License mess Burns me up

License mess Burns me up

Summary: The lesson, I think, is that the gotchas being placed into non-approved licenses may be practically unenforceable. Not that lawyers couldn't win points in court, but any move toward a court would have a profound negative effect on that vendor's community.

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TOPICS: Open Source
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The best laid schemes o' mice an' men
Gang aft agley,
An' lea'e us nought but grief an' pain
For promis'd joy.

See, laddie, it was Robert Burns I was thinking of, when reading the account of our own David Berlind concerning open source license proliferation.

I'm not burned up at all.

Berlind writes that while the OSI claims it has been working for over a year to reduce the number of open source licenses, vendors like SugarCRM have been rolling their own, then refusing to submit the results for review while still calling their own offerings "commercial open source."

Surfing over to the main site of the Open Source Initiative, I find the most recent public log entries are over a year old, and then I find a more-recent piece by our own Ed Burnette on how Google refuses to support more than 7 licenses.

The lesson, I think, is that the gotchas being placed into non-approved licenses may be practically unenforceable. Not that lawyers couldn't win points in court, but any move toward a court would have a profound negative effect on that vendor's community.

That's the real lesson of the recent Microsoft-Novell mess, not Microsoft's try at playing gotcha but Novell's immediate back-pedal and moves by other open source Linux vendors to isolate it.

This is the power of a community understanding, as opposed to a legal understanding, and the ability of the former to become a market understanding which makes the legal one moot.

Burns' poem, from which the above is its most famous excerpt, is titled "To a Mouse," and asserts that we are all mice in the end, that our best laid plans can easily come undone. Lawyers lay great plans, but the market and the community are the real forces of nature in open source. You violate a consensus at your peril.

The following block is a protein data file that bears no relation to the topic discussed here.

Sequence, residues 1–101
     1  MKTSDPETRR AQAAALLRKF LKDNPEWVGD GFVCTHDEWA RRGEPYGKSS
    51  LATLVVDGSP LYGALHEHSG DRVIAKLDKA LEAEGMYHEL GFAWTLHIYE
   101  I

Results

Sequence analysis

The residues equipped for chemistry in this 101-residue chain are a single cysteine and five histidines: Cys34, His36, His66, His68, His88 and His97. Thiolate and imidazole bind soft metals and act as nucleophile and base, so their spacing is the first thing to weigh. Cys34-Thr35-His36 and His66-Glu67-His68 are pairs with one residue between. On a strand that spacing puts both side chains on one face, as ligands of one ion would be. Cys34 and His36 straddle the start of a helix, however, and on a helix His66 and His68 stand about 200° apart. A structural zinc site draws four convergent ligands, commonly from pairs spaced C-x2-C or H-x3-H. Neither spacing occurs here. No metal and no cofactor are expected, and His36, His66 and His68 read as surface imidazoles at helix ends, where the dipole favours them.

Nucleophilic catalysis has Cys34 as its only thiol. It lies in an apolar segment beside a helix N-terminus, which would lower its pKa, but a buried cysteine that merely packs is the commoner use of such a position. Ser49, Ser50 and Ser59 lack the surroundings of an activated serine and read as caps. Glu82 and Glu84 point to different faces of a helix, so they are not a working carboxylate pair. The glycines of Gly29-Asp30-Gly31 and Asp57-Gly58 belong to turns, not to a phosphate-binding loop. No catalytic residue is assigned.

How will you react if your "open source" vendor tries to play a game of "gotcha" with your use of code?

Exactly.

 

 

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Topic: Open Source

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3 comments
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  • Community understanding

    Yes, going to Court would antagonize contributors to an open source company. The penalties could be ostracism, even shunning. That's reminiscent of religious groups, but the comparison seems accurate here.

    In addition to enforcing conformity, though, such groups can develop attitudes strong enough to create problems for those who believe less than fervently.

    For example, the leader of one of the Red Hat clones was willing to tolerate Red Hat's intention to make a profit as an eccentricity.
    But he promised ominously to make certain that none of Red Hat's strategies was offensive.

    A community which knows it's essential can become comfortable making demands.
    Anton Philidor
    • And if...

      ... a sudden turn in the community should shatter the support Red Hat requires, then Mr. Fleury could quote in his best Scots accent:

      Thou saw the fields laid bare an' wast,
      An' weary winter comin fast,
      An' cozie here beneath the blast
      Thou thought to dwell,
      Till crash! the cruel coulter past
      Out thro' thy cell.

      Whatever plans, whatever hopes Red Hat nurtured can be destroyed by a fanatic cleansing.
      Anton Philidor
  • The Single Most Beneficial

    Act for mankind would be to rid the world of lawyers, with the most important additional act of denying anyone the right to a lifetime of continious revenue for performing a mere few minutes (or hours even) of services or entertainment.
    Ole Man